Things are gonna hurt, weirdly at first it was my hip abductors that really took the brunt of long days of hiking with my pack. Go slow to build up, it gets easier.


(19) Learn to pack your pack.

It should be balanced. Your lightest items on the bottom, heavy items in the middle, as close to your body as possible. It should sit up on its own and not fall forward or backwards or to either side, otherwise you’ll be using your body to support its sway all day. If your pack is packed wrong hiking will be harder that day.


(20) Learn to adjust your pack.

Remember your waist belt is supposed to carry 80%+ of the weight. Use load lifters and other straps for comfort. Don’t be uncomfortable. 


(21) You will get stronger.

We went from 7 mile days to 12 miles days in about 2 weeks and we’ll improve more as time goes by. But just because you can put in the miles doesn’t mean you should. Scale back from time to time to avoid getting hurt. Recovery days are important


(22) It gets easier, I promise.

But you have to put in the work. Do not yellow blaze past hard sections. In the end you will only be cheating yourself. 


(23) I’ve avoided walking in the heavy rain so far.

It has cost me about 5 zeros. I think I’m enjoying my hike more than the folks who choose to hike on in the bad weather. You don’t get a medal for putting up with the most discomfort or for suffering the most. Hypothermia is real and it sucks, I struggle to stay warm, it doesn’t make sense for me to expose my body to cold rain this early in the hike. 


(24) Last one to Katahdin wins!

Unless you are going for a FKT or have a hard deadline don’t race to the end. Take the blue spur trails, see the views, visit the shelters that are wayyy off trail. You may never find yourself in these places again., why are you missing the experiences? Remember it’s the journey, not the destination. I have never regreted spending a few minutes going to a view point. ai have never failed to make my daily destination because of it.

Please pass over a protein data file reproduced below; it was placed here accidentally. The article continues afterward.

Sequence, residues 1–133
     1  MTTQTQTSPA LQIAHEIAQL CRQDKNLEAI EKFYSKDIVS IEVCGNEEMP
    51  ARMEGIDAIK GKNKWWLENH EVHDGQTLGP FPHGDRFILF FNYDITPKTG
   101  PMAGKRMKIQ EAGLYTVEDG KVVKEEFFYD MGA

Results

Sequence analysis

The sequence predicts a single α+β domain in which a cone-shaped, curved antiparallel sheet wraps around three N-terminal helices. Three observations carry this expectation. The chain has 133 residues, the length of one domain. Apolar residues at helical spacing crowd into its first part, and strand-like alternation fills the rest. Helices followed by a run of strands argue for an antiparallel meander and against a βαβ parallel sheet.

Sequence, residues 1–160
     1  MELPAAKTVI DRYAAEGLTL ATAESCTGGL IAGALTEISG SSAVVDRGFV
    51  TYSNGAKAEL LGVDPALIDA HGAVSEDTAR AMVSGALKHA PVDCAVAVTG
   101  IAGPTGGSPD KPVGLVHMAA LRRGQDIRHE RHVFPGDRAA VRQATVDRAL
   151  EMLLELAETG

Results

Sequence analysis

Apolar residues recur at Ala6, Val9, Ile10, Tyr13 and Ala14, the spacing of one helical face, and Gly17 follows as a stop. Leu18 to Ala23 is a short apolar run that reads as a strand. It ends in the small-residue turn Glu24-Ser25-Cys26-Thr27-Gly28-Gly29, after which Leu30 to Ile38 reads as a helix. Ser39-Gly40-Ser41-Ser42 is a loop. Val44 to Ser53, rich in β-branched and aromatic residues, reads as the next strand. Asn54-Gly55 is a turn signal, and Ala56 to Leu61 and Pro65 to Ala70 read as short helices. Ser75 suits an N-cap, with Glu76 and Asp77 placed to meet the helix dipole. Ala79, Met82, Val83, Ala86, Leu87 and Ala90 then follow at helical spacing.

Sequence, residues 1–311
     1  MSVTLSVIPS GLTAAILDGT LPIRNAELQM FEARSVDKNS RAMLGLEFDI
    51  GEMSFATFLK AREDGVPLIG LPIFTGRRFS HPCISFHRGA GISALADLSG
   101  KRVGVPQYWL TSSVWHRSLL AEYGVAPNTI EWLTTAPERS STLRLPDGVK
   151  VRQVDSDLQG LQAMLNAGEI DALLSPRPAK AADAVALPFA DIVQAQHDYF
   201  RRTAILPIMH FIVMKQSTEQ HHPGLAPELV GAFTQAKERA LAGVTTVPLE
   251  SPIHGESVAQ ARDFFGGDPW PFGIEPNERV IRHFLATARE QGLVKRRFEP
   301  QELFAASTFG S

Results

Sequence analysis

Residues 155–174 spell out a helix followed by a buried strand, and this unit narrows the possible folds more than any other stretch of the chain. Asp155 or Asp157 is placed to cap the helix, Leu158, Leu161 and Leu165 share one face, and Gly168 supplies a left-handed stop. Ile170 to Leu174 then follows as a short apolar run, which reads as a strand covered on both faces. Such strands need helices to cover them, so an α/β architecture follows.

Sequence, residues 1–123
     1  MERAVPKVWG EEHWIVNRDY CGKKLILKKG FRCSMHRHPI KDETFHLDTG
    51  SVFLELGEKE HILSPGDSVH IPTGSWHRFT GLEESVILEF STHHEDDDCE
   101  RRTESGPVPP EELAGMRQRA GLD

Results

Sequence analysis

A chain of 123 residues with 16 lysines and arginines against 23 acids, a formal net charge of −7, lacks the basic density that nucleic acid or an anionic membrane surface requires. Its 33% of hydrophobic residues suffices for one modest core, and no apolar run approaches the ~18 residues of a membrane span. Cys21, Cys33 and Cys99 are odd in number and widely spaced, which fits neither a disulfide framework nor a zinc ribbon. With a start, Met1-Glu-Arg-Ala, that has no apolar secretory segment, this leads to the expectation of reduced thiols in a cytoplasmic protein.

(25) Ear plugs or head phones

If you are gonna sleep in a shelter. people snore and mice scamper.


(26) You will lose a lot of weight.

Start in tight *but stretchy) clothing because you’ll shrink into it soon. 


That’s it for now. Good luck hikers! I’ll probably write and post another update to this after another few hundred miles and tell you what has changed.

 Writing this conclusion from beyond mile 300 mark is making me reflect on the changes I’ve seen in the people around me. Just last night we were talking about the greatest bloopers we saw in those first few days and I can’t help but wonder how many of those people are still on the trail. It’s not like it’s announced when folks leave,  you just don’t see the names in logs anymore and they slowly fade from your mind.

There are a lot less hikers out today than there was a month or so ago. Folks are still dropping out. Some are sick,  some are injured, some have been yellow blazing the hard parts and just can’t keep up anymore.  It’s hard out here. I don’t know all the reasons people leave,  but I can see how easy it might be to run away to your safe place. Stay strong, it is getting easier every day.